Tynan DeBold and Dov Friedman recently published an absolutely beautiful series of graphics that illustrate the impact of vaccines on infectious disease in the USA. The heat maps below show number of cases of measles per 100,000 people over about 70 years.
Remember – those are mainly children, who are sick (and sometimes dying) with measles, represented in this graphic. Does this leave any question in your mind about the importance of vaccination? As they say, a picture is worth a thousand words.
We have pasted a flat picture of the graphics here, but for the interactive graphic, visit the page at the Wall Street Journal. These graphics were made possible because of Project Tycho, a project at the University of Pittsburgh that made data from all weekly notifiable disease reports for the United States dating back to 1888 available to all big-data enthusiasts.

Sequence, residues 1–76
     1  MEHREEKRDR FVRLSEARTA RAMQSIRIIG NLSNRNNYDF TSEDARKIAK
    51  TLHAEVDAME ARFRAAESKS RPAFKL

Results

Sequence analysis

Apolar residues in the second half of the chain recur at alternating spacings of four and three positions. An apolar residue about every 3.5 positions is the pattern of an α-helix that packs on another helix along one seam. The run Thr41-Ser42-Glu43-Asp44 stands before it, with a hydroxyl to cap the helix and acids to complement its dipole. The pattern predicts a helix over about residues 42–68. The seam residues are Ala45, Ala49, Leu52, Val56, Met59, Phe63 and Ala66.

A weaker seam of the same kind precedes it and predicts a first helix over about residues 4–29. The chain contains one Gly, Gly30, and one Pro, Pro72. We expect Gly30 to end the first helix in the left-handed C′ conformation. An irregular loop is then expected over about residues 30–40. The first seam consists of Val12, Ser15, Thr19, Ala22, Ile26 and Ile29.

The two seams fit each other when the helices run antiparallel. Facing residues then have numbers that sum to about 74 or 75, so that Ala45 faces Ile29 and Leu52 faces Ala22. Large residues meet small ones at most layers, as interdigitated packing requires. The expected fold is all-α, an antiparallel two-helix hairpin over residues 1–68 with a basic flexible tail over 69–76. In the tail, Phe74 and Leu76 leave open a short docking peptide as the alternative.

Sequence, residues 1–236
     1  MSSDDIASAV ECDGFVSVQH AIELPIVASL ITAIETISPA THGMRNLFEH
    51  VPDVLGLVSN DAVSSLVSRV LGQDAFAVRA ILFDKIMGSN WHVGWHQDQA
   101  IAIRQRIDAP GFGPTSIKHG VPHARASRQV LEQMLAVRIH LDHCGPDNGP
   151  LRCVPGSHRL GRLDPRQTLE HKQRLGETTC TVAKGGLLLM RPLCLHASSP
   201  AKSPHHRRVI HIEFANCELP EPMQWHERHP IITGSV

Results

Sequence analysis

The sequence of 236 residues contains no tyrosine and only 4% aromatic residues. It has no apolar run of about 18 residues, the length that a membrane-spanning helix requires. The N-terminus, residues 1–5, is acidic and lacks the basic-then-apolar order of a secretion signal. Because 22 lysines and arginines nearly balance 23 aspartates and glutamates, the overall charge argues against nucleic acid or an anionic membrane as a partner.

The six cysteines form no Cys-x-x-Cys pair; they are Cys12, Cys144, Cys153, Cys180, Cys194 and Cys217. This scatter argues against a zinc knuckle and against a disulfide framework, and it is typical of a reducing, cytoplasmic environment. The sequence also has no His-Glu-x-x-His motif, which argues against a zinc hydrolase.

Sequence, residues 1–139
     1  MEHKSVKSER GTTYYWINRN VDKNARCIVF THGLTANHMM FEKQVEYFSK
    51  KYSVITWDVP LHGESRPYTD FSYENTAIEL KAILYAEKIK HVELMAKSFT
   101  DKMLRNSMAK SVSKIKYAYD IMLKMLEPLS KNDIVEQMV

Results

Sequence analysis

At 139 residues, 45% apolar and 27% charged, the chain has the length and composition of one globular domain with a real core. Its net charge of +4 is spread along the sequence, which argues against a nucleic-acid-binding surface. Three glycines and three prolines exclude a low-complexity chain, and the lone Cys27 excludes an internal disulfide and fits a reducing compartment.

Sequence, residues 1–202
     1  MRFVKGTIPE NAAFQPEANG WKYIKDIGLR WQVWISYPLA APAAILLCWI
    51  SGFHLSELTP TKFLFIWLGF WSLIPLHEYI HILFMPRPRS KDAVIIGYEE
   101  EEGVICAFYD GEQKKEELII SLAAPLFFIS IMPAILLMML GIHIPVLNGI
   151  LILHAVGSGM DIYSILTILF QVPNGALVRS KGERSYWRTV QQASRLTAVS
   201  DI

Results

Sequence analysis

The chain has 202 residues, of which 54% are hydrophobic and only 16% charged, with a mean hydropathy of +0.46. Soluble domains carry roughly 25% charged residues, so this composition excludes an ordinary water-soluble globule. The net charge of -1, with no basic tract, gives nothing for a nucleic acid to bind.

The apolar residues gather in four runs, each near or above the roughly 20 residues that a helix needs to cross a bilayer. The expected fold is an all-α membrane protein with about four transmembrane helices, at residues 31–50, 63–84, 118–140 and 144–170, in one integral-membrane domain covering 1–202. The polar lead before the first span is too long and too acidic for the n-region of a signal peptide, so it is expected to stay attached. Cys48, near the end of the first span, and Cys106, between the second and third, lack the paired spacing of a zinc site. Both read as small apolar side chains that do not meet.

DeBold and Friedman used the data to develop an interactive graphical heatmap reflecting the the number of infected people for vaccine-preventable diseases, from the state-by-state, year-by-year information on specific diseases. What is beautifully clear, is that over the course of seventy years and across all 50 states, infectious diseases rapidly declined after vaccines were introduced.